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HIP-HOP

New sounds from diverse influences

(Michael Nagle/ Reuters)
March 2, 2009
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K'Naan

Troubadour

A&M/ Octone

ESSENTIAL "If Rap Gets Jealous"

K'Naan's work is categorized as hip-hop, but judging from the sad state of the genre (heard the new Eminem?), that would be selling him short. "Troubadour," the Somali-born artist's follow-up to his great debut, is a smart fusion of influences.

While hip-hop is relying on the same beats, subjects, and silly swagger, K'Naan is seeking something more diverse and more humane. There's a taste of folk in a lot of the songs, which you'd expect from a sharp storyteller with a sense of narrative, detail, and humor. His rhymes are taut, and the self-proclaimed "visual stenographer" sees the cost of war and what has happened to the underprivileged in a world of overconsumption and greed.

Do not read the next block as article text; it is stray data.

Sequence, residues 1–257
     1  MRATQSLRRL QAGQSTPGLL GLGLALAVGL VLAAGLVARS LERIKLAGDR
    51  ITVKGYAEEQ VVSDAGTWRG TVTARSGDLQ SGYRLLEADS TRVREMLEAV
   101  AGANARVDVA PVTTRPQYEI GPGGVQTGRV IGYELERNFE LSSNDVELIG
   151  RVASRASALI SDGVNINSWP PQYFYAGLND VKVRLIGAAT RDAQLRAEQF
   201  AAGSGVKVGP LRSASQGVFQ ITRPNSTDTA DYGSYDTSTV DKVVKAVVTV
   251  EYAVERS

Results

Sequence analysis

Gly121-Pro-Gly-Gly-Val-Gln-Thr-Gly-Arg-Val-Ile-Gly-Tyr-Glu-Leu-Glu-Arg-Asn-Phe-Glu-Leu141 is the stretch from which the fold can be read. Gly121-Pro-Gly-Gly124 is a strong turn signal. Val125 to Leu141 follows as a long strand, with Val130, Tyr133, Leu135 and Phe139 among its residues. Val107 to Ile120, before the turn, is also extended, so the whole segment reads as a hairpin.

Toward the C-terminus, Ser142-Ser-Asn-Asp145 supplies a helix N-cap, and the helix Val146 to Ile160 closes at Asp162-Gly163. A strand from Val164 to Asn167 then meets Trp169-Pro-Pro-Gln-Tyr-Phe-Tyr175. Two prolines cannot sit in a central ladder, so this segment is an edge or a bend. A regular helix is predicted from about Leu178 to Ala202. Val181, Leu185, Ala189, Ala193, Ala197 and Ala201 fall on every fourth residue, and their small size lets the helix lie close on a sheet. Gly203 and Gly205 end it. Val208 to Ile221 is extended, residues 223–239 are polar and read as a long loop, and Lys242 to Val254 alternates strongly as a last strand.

Particularly engaging is his musical dynamic, which fuses world music, pop ("Bang Bang"), and rock on the irresistible "If Rap Gets Jealous," featuring a blazing coda by Metallica's Kirk Hammett. K'Naan's quirky vocal stylings - he's got a thin voice and relies on a dextrous flow with tricky rhymes - are not immediately accessible, but that's part of the appeal.

You haven't heard this before. The guests, including the superfluous Mos Def and Chubb Rock, are just sops to get some commercial cred. It's the music that gets your attention - a lesson hip-hop has lost. (Out now) - KEN CAPOBIANCO

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